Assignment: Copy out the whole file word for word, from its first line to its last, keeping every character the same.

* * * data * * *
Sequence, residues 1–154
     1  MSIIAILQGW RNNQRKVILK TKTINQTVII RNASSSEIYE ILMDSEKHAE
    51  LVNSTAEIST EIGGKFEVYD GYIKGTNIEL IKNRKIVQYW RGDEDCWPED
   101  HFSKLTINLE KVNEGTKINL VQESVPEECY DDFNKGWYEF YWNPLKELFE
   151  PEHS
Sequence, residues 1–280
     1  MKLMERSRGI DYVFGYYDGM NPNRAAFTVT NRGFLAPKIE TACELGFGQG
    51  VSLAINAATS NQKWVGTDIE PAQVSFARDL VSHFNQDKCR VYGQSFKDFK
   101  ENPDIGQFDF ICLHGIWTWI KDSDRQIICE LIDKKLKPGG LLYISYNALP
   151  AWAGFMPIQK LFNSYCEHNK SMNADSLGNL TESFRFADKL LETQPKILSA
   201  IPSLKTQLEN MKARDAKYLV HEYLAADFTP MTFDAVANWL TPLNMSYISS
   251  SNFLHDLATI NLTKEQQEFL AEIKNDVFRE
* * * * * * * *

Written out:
Sequence, residues 1–154
     1  MSIIAILQGW RNNQRKVILK TKTINQTVII RNASSSEIYE ILMDSEKHAE
    51  LVNSTAEIST EIGGKFEVYD GYIKGTNIEL IKNRKIVQYW RGDEDCWPED
   101  HFSKLTINLE KVNEGTKINL VQESVPEECY DDFNKGWYEF YWNPLKELFE
   151  PEHS
Sequence, residues 1–280
     1  MKLMERSRGI DYVFGYYDGM NPNRAAFTVT NRGFLAPKIE TACELGFGQG
    51  VSLAINAATS NQKWVGTDIE PAQVSFARDL VSHFNQDKCR VYGQSFKDFK
   101  ENPDIGQFDF ICLHGIWTWI KDSDRQIICE LIDKKLKPGG LLYISYNALP
   151  AWAGFMPIQK LFNSYCEHNK SMNADSLGNL TESFRFADKL LETQPKILSA
   201  IPSLKTQLEN MKARDAKYLV HEYLAADFTP MTFDAVANWL TPLNMSYISS
   251  SNFLHDLATI NLTKEQQEFL AEIKNDVFRE